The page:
What is a healthy breakfast cereal?

Ask Peggy

Ask Peggy

Dear Peggy: I do not care for the good-for-you, dry and dense, no-sugar-added cereals. What other type of breakfast cereal would make a good choice for a healthy start to the day? —M.H., Chicago, Illinois

Finding a healthy breakfast cereal that also tastes good can be a complicated task. Part of the problem is that the health claims sometimes promoted on the cereal boxes themselves can be confusing.

Don't assume that the wording "whole grains" splashed across the front of the box is the answer. I've seen whole-grain cereal with only 1 gram of fiber per serving. How does that happen?

Whole grains, it turns out, can vary tremendously in their fiber content.

A whole-grain kernel has three parts: the bran, the germ and the endosperm. When these kernels are heavily processed or refined, they no longer remain whole. Most of the bran and some of the germ is removed, resulting in the loss of fiber as well as a multitude of vitamins, minerals and other health-promoting nutrients.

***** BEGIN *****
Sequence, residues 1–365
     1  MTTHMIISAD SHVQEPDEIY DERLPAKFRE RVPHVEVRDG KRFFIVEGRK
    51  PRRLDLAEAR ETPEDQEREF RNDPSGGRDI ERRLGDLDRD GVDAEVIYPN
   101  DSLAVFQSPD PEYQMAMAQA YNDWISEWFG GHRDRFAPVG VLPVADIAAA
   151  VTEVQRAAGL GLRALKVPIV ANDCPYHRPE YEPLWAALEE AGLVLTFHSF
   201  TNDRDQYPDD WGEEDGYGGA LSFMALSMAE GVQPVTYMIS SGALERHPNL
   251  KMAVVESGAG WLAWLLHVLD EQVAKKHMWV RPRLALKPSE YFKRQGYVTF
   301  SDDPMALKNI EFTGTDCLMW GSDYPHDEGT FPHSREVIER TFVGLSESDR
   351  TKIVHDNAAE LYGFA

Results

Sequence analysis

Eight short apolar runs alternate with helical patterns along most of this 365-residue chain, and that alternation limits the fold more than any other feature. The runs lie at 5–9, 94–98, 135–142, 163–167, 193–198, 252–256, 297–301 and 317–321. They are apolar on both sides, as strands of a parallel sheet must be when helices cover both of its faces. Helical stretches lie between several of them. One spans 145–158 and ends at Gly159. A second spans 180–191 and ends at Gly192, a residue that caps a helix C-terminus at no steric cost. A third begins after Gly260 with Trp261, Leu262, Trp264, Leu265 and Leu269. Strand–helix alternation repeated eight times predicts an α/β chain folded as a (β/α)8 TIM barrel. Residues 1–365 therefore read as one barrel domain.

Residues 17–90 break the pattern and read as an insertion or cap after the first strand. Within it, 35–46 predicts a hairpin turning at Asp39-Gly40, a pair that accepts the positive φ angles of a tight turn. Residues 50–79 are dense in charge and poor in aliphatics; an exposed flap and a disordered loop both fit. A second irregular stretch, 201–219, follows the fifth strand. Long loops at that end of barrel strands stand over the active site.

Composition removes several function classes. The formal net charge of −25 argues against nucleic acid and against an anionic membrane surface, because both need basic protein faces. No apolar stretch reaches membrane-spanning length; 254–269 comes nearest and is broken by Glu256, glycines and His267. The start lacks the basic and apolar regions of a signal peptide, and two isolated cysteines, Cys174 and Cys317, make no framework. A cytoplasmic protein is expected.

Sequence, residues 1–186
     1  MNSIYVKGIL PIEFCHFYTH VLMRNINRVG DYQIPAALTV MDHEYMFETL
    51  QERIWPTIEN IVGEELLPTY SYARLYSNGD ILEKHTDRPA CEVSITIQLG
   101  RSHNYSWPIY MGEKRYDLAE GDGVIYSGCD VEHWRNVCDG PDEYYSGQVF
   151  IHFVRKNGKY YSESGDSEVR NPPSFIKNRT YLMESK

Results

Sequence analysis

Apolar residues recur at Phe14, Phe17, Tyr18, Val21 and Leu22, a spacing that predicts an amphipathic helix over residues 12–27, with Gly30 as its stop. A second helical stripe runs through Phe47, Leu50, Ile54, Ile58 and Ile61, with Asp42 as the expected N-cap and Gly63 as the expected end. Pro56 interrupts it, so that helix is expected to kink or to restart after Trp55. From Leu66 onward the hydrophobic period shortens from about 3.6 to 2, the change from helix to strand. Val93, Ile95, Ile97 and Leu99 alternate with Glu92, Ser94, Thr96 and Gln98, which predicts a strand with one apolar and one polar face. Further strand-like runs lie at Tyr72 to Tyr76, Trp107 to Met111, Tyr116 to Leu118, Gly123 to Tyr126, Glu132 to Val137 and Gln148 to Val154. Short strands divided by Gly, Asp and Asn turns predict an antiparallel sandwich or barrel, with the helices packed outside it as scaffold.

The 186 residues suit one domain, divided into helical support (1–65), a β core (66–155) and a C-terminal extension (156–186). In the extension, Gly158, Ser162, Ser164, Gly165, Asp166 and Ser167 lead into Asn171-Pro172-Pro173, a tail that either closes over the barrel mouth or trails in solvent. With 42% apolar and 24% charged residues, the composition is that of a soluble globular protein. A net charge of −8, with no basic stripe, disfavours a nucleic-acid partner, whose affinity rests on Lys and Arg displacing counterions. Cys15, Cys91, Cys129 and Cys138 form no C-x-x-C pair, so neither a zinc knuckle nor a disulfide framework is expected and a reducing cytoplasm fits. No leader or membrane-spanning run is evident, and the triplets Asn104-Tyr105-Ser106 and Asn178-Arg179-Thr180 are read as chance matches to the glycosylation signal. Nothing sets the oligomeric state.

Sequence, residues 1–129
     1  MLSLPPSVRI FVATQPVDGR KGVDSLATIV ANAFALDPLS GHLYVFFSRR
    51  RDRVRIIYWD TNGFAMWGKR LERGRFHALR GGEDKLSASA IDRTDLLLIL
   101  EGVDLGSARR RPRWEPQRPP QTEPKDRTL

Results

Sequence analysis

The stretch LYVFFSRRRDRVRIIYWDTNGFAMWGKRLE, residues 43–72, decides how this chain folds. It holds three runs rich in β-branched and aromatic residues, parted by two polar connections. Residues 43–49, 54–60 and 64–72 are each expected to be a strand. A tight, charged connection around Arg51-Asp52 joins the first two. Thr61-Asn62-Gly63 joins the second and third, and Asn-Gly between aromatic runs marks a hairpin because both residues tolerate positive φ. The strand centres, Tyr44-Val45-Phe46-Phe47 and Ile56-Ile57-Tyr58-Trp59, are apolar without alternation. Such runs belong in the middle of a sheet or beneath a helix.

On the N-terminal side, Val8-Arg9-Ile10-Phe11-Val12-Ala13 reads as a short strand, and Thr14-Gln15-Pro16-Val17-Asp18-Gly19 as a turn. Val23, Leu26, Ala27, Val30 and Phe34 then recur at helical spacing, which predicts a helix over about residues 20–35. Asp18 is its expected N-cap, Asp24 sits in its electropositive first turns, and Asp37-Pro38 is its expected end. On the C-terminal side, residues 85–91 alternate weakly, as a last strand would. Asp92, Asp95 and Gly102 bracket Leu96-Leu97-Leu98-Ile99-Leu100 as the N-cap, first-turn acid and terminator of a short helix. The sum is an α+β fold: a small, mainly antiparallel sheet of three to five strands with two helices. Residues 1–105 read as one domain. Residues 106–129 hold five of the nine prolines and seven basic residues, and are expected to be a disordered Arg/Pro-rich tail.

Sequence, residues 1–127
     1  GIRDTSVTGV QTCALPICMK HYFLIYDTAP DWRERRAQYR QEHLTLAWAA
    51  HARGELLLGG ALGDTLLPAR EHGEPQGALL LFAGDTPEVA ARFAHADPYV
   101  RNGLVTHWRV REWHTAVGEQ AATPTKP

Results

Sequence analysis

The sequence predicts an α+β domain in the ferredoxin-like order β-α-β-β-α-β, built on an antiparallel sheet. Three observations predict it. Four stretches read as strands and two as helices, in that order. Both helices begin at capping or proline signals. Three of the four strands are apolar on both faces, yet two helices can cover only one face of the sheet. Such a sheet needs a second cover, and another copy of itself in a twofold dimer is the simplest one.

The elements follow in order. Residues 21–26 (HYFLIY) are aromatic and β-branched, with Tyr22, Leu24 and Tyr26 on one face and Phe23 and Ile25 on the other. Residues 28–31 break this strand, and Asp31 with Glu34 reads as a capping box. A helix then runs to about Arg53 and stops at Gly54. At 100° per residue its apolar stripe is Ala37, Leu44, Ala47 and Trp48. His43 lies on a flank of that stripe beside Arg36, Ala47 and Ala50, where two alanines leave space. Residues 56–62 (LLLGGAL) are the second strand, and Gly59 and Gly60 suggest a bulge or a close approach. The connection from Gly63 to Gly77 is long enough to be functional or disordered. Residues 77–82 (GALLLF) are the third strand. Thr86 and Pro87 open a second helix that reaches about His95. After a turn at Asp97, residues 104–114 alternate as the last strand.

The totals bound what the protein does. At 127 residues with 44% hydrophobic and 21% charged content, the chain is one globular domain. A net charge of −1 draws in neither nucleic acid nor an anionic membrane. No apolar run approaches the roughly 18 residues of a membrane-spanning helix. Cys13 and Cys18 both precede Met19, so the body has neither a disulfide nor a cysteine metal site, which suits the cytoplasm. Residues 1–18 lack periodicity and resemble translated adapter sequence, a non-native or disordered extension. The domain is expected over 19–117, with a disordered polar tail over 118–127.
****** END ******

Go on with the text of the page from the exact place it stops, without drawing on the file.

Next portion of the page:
Although manufacturers can "enrich" grains by adding back iron and B vitamins, they cannot add back the whole grain's original fiber content. Most of us fail to get the amount of fiber recommended for a healthy diet: about 25-35 grams per day.

So how do you find the right cereal? First, check the ingredients to make sure the word "whole" describes the grains that come first in the ingredient list. Then check the Nutrition Facts label. Look for at least 5 grams of fiber per serving. Also look at calories and sugar. I suggest cereals with around 200 calories or fewer per serving and a sugar content of less than 12 grams. As for the cereal's taste, that's pretty specific to personal preference.